Will Modernization of Cosmetic Regulation Finally Happen?

July 7, 2022By Riëtte van Laack

On June 14, 2022, the Senate Health, Education, Labor and Pensions Committee voted to pass the FDA Safety and Landmark Advancements (FDASLA) Act (S.4348).   While FDASLA focuses on user fees and includes several other provisions regarding drugs and devices, it also includes provisions related to cosmetics.  Specifically, FDASLA includes the Modernization of Cosmetics Regulation Act of 2022 proposing significant amendments to the FDC Act, intended to modernize safety standards for cosmetics in the United States.

Efforts to update safety standards for cosmetics have been ongoing since 2013, with the proposed Personal Care Products Safety Act of 2021 being the most recent iteration prior to FDASLA.  The Modernization of Cosmetics Regulation Act of 2022 addresses much of what was included in previous bills, including:

  • adverse event reporting requirements;
  • a labeling requirement to include contact information for adverse event reporting;
  • ingredient labeling requirement for cosmetic products for professional use (these products are currently exempt from ingredient labeling requirements);
  • mandatory recall authority;
  • establishment of good manufacturing practices (GMPs) for cosmetics facilities;
  • registration and product listing requirements; and
  • a requirement for FDA to issue regulations to establish standardized testing methods for detecting and identifying asbestos in talc-containing products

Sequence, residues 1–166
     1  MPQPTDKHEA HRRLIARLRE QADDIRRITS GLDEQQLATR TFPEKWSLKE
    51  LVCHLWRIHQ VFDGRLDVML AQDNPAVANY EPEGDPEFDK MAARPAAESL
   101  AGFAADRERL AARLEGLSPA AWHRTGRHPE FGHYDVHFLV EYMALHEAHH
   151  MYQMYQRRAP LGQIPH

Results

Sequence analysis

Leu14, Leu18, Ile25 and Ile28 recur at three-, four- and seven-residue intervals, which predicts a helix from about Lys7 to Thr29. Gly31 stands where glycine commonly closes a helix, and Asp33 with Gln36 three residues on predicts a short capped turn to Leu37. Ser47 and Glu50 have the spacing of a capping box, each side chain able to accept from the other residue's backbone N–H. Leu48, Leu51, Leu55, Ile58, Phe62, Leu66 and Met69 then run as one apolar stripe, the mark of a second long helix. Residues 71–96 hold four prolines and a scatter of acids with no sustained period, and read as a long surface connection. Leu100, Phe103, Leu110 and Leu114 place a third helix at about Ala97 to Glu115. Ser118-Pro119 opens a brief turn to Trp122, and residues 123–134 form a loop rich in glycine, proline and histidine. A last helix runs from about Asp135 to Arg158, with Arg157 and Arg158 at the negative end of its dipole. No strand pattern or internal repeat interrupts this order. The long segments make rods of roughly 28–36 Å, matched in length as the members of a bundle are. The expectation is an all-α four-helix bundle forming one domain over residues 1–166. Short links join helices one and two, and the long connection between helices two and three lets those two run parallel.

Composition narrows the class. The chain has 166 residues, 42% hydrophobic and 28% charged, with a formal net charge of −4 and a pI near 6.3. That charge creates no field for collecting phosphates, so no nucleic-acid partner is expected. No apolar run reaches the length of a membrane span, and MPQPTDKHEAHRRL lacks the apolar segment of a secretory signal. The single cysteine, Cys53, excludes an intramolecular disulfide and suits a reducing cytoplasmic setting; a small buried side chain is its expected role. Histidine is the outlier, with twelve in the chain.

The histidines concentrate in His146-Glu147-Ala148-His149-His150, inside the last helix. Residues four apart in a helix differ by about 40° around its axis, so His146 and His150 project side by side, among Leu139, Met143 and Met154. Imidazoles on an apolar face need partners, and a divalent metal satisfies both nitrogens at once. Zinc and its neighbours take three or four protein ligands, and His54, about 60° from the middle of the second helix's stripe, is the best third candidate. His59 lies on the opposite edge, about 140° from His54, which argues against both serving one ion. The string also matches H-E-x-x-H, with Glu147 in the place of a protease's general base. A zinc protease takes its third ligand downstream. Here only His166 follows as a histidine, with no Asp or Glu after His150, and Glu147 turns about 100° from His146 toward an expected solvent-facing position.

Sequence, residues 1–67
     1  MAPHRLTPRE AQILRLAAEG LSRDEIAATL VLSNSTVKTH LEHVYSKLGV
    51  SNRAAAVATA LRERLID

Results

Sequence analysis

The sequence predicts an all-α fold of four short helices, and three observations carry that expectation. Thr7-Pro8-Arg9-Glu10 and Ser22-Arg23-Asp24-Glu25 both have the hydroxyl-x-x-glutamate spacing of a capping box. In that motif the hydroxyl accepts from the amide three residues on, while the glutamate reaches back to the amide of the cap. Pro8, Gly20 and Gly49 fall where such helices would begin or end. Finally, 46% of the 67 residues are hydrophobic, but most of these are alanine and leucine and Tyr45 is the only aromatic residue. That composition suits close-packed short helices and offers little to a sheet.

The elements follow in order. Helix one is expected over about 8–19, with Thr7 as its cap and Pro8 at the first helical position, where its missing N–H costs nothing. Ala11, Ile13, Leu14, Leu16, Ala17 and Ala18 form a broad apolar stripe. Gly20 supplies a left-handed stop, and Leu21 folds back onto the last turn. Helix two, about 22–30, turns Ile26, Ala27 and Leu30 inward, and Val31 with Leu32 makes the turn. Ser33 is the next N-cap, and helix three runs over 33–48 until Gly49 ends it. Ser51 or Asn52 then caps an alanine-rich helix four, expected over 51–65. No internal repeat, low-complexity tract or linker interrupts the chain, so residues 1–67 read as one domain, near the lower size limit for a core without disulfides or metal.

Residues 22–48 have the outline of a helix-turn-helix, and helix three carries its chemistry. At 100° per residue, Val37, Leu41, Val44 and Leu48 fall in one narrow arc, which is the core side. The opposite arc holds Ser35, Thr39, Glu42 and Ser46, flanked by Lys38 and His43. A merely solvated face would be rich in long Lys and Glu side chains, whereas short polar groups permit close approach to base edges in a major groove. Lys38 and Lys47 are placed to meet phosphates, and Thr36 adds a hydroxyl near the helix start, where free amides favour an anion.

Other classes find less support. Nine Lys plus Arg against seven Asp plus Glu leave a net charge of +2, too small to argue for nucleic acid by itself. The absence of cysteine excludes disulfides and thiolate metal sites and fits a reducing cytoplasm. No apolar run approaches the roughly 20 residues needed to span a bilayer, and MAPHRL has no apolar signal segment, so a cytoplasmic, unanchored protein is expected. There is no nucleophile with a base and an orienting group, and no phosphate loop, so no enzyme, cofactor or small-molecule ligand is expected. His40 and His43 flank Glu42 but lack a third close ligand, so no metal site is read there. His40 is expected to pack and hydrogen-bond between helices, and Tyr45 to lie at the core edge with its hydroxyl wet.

The bill includes certain exemptions for small businesses.

The current bill is not as sweeping as the Personal Care Products Safety Act of 2021.   Among other things, rather than requiring that FDA promulgate a rule banning the addition of perfluoroalkyl and polyfluoralkyl substances (PFAS), the current bill only requires that FDA assess the use and safety of PFAS in cosmetics and prepare a report within two years of the enactment of the law.  Other provisions from the 2021 bill that are absent in the 2022 bill include the mandate for FDA to annually review the safety of at least five cosmetic ingredients or non-functional constituents, and registration fees.

State law requirements differing from, or in addition to, those relating to registration and product listing, good manufacturing practice, recordkeeping, recalls, adverse event reporting, and safety substantiation would be preempted, but other prohibitions and limitations on the use or amount of an ingredient in a cosmetic product, state tort laws, and state laws and referendums, such as California’s Proposition 65 are carved out from preemption.

The current House bill does not include the cosmetic provisions and it remains to be seen which riders will survive and which will be eliminated.

Categories: Cosmetics